On the sides of Koyasu Jizō, Kannon Bodhisattva (観音菩薩) and Vaisravana (毘沙門天) are also enshrined.

Note that the Koyasu Jizō Bodhisattva, the Kannon Bodhisattva, and the Vaisravana are hidden images only exhibited once every 50 years. The next time you get to meet him will be in 2062. However, you can vaguely see them by looking at the bronze mirror hung in front of the altar.

The red Venerable Pindola Bharadvaja (賓頭盧尊者) statue is placed at Hondō’s entrance. If any part or parts of your body are unwell, stroke the same body part or parts of the statue. It is said that by doing so, you will soon recover from your illness.

You can also donate some money before you make a prayer.

Benten-dō hall (弁天堂)


Other than the main worship hall, Chōju-ji also has many important national cultural properties in its precinct, including the Benten-dō hall (弁天堂) next to the main worship hall.

In the small pond of the temple, the Benten-dō hall is quietly sticking out of the pond. The small but elegant hall was built in 1550 and is another photogenic spot in the temple.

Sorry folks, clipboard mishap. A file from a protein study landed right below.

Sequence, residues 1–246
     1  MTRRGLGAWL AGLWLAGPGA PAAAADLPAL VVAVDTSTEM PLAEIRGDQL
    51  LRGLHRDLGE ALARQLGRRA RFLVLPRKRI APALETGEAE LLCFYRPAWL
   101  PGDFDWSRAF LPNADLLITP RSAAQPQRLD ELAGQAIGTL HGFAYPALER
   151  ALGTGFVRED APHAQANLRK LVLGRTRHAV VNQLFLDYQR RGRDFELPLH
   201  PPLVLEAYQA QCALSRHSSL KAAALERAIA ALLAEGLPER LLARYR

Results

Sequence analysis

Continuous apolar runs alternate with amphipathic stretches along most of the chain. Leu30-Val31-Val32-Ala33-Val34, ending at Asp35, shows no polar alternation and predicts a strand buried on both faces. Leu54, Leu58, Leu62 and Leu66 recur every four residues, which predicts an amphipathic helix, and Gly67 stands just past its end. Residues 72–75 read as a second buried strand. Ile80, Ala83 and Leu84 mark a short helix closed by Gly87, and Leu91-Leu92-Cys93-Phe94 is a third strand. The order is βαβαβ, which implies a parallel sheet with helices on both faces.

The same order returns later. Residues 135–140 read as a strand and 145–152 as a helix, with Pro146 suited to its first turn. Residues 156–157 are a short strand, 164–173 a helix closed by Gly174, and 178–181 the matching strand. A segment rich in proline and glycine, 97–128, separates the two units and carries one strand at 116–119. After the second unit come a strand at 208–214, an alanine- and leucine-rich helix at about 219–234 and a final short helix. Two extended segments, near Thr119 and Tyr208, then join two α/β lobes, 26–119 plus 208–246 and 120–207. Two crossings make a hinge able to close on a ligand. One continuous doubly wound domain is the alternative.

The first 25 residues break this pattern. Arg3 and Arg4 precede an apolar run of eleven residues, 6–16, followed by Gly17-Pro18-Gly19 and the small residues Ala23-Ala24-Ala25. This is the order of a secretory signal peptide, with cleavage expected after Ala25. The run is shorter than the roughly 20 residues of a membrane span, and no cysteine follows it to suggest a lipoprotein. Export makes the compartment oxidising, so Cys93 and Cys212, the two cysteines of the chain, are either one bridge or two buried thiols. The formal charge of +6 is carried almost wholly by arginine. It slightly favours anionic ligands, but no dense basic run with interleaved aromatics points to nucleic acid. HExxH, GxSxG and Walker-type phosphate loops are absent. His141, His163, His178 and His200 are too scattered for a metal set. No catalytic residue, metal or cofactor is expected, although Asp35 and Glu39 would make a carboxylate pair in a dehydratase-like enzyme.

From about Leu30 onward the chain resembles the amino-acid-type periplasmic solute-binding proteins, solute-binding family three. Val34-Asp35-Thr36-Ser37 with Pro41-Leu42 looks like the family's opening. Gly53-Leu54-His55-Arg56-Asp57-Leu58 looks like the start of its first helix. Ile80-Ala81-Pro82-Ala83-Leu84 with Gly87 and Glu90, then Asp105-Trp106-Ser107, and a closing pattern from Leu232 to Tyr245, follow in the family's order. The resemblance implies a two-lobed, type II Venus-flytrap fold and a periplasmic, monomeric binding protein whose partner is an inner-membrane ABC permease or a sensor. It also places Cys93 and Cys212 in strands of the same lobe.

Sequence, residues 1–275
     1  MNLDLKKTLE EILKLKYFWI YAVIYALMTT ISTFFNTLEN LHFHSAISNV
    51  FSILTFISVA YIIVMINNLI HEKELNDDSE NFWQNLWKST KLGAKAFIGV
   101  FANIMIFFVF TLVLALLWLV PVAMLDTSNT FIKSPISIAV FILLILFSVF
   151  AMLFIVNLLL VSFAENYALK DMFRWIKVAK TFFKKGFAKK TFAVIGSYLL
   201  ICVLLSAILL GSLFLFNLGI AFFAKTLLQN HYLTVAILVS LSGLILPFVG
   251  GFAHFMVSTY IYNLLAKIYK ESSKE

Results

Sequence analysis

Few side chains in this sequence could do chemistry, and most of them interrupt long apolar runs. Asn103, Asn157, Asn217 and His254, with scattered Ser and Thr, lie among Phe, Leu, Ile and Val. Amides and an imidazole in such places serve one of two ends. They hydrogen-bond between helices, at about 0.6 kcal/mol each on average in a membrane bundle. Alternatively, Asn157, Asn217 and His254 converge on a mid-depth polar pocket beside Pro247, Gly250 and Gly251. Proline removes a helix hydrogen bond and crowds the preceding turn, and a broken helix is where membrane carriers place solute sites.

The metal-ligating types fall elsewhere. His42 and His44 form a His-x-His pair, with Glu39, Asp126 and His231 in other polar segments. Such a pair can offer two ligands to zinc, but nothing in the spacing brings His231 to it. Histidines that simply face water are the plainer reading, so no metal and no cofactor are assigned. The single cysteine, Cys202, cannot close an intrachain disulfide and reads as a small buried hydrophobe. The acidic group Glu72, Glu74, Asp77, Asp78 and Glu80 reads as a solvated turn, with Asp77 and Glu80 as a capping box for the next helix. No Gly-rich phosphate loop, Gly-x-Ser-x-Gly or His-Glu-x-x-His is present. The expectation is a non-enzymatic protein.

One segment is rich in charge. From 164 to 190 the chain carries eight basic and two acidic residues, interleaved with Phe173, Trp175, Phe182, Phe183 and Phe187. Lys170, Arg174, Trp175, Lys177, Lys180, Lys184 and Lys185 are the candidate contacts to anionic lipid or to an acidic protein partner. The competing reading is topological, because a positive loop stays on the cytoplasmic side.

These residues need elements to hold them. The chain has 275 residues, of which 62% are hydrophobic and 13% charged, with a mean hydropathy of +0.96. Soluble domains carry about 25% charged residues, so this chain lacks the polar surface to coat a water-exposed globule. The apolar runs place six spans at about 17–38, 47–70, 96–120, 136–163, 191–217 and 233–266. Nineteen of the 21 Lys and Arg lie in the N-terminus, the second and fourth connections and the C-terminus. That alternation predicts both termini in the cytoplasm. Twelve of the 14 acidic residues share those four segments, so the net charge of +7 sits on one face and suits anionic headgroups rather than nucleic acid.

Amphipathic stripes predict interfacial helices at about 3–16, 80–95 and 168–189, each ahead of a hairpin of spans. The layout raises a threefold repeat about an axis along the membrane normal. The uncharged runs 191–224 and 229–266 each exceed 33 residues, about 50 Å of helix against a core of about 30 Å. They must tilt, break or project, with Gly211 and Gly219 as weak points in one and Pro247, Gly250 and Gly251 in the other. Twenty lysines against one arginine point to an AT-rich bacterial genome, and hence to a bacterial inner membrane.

The Ruins of the Three-Story Pagoda (三重塔跡)

Although Chōju-ji prospered as the center of Buddhism since its establishment, the scale of the temple was largely reduced after Oda Nobunaga relocated some of the most important buildings in the second half of the 16th century.

On the hill at the left of the Haiden Hall (拝殿) of Shirayama Shrine, there used to be a Three-story Pagoda standing. After Oda Nobunaga moved it to the Sōken-ji Temple (摠見寺) in Azuchi Castle ruins in Ōmi Hachiman City (近江八幡市), there are only a few foundation stones left on the ground now.

So if you want to see the pagoda, you have to travel north to Sōken-ji…

Furthermore, the tower gate was moved to the Rendai-ji (蓮台寺) in Ritto City (栗東市). As a result, the past glory was lost.

Shiun Falls (紫雲の滝)

Ⓒ 滋賀県

If you have ever wondered where the magical waterfall where Rōben performed the ritual is, it is the Shiun Falls, close to the foot of Mt. Aposhi. From Chōju-ji, it is around a meter hike toward the summit.